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6 Bookkeeping Mistakes You Can Avoid

Jul 25, 2016

Expect to make mistakes when managing your own business, especially with the books. However, many financial gaffes can be prevented by learning to bypass these accounting pitfalls:

  1. Combining personal and business finances – Making something more difficult than it already is, is never an efficient strategy. Mixing your personal and business finances is guaranteed to create an ugly mess. It’s critical that personal and business finances are kept separate at all times. All new business owners should open up a business checking account and deposit all business income into this account. This will make it easier to sort out when it’s time to fill out your taxes.
  2. Misclassifying workers – The IRS has several different employee categories. Your employees can either be full-time, part-time, temporary employees or even independent contractors. Whether it is done by mistake or on purpose, misclassifying your workers in the wrong categories can be costly, leading to IRS audits and fines.
  3. Profits vs. cash flow – Cash flow and profit are not the same thing. Confusing this fact is a common mistake that could kill your business. Cash flow is the amount of money moving in or out of your bank account. Profit is taking your total expense minus your total income. Due to the lag between invoices and bills, profit and cash flow will usually differ. For example, in June you make 50 widgets at a cost of $50. You sell each widget for $200, but the customer chooses not to pay you until July. June is now a profitable month because your costs were less than your projected income. However, your cash flow for June is negative because you have not received payment from the customer. Please be sure to separate profits and cash flow. Treating them as distinctly different monies can save your books from disaster.
  4. Not retaining purchase receipts – The IRS does not require a receipt for business purchases under $75. The IRS requires that all business expenses be reported such as travel, meals and entertainment if they are greater than or equal to $75. Working out your business costs accurately over the year becomes more and more time-consuming. You may risk failing to account for certain expenses, which means paying more tax than you need to. The IRS may not need receipts under $75, but these can be extremely helpful as a reference when you need to work on your annual tax return.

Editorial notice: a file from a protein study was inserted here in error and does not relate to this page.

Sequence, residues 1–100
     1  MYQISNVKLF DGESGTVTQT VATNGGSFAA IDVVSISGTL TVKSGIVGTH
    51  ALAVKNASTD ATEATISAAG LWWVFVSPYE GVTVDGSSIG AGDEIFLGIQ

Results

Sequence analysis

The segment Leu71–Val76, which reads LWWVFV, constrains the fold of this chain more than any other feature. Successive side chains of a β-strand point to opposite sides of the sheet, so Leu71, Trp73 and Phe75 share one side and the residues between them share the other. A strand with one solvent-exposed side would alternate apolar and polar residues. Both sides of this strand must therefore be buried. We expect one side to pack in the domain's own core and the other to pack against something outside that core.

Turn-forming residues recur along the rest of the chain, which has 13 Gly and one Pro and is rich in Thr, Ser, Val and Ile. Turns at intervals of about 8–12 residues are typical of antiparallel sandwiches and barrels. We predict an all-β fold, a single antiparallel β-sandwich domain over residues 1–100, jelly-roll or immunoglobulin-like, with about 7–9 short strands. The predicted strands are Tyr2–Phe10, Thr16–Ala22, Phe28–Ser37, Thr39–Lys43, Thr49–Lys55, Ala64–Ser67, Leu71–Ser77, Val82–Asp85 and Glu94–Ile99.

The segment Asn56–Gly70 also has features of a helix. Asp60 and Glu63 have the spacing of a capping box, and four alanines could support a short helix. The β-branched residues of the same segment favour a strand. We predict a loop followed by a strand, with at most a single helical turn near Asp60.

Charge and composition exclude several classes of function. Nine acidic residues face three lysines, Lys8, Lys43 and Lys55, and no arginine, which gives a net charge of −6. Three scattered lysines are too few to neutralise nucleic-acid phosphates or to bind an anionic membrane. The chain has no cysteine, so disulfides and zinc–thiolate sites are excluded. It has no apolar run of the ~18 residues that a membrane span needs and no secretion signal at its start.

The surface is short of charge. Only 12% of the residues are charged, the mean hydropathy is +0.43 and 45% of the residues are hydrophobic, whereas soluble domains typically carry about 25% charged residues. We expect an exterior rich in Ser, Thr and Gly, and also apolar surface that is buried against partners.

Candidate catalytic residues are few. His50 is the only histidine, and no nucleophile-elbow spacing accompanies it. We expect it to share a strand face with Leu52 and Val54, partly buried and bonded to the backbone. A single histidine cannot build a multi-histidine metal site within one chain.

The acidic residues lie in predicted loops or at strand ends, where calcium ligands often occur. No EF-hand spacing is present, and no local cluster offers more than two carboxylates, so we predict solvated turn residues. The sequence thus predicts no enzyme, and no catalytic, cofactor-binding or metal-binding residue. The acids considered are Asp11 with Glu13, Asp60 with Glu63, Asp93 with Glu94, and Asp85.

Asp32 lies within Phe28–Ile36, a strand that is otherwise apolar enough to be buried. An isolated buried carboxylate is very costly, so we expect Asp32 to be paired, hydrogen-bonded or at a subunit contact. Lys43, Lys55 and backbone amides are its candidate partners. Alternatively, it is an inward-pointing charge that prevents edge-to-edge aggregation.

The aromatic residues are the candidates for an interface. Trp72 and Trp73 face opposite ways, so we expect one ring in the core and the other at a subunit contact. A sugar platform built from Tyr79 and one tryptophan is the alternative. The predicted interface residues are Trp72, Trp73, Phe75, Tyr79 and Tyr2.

5. Paperless work environment – Electronic bookkeeping systems are generally more convenient than filling out paperwork. However, we highly recommend that you don’t neglect paperwork. There are many instances in which paper documentation of financial records will come in handy or be required. The IRS may sometimes require physical financial records. If you choose to eliminate paperwork and go strictly digital, then what happens if your data is damaged, stolen or destroyed? Carefully consider your situation. Keep cloud backups of all critical data and consider keeping paper records of all major finances.
  6. Regular account reconciliation – Ensuring that the money leaving your business account matches the actual money spent is essential for your business. With cyber-crime rising at an alarming rate, this reconciliation will alert you of any unauthorized charges. Doing this on a monthly basis helps ensure that accounting errors are caught and corrected quickly before they result in a major financial problem.

Prepare your business and build it on a strong financial foundation. Be sure you understand how to read your financial reporting. Remember that poor financial management is the chief cause of small business failure. Avoid making these simple financial mistakes and it will make the ride all that much smoother!


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